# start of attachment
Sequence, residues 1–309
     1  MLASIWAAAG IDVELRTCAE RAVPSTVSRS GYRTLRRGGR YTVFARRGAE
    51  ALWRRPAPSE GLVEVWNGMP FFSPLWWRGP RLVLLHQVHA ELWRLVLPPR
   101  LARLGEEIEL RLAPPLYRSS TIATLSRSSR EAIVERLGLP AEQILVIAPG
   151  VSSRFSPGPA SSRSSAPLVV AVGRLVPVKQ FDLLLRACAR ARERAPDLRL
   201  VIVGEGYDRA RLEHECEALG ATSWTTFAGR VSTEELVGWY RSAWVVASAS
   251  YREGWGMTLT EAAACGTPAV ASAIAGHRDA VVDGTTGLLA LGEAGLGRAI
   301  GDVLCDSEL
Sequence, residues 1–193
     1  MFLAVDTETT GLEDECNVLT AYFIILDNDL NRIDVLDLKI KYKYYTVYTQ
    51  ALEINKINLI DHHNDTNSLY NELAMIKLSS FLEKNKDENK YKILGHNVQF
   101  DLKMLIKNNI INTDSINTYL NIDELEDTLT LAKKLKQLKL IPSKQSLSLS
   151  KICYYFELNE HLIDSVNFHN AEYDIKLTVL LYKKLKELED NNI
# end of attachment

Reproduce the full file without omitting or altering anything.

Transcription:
Sequence, residues 1–309
     1  MLASIWAAAG IDVELRTCAE RAVPSTVSRS GYRTLRRGGR YTVFARRGAE
    51  ALWRRPAPSE GLVEVWNGMP FFSPLWWRGP RLVLLHQVHA ELWRLVLPPR
   101  LARLGEEIEL RLAPPLYRSS TIATLSRSSR EAIVERLGLP AEQILVIAPG
   151  VSSRFSPGPA SSRSSAPLVV AVGRLVPVKQ FDLLLRACAR ARERAPDLRL
   201  VIVGEGYDRA RLEHECEALG ATSWTTFAGR VSTEELVGWY RSAWVVASAS
   251  YREGWGMTLT EAAACGTPAV ASAIAGHRDA VVDGTTGLLA LGEAGLGRAI
   301  GDVLCDSEL
Sequence, residues 1–193
     1  MFLAVDTETT GLEDECNVLT AYFIILDNDL NRIDVLDLKI KYKYYTVYTQ
    51  ALEINKINLI DHHNDTNSLY NELAMIKLSS FLEKNKDENK YKILGHNVQF
   101  DLKMLIKNNI INTDSINTYL NIDELEDTLT LAKKLKQLKL IPSKQSLSLS
   151  KICYYFELNE HLIDSVNFHN AEYDIKLTVL LYKKLKELED NNI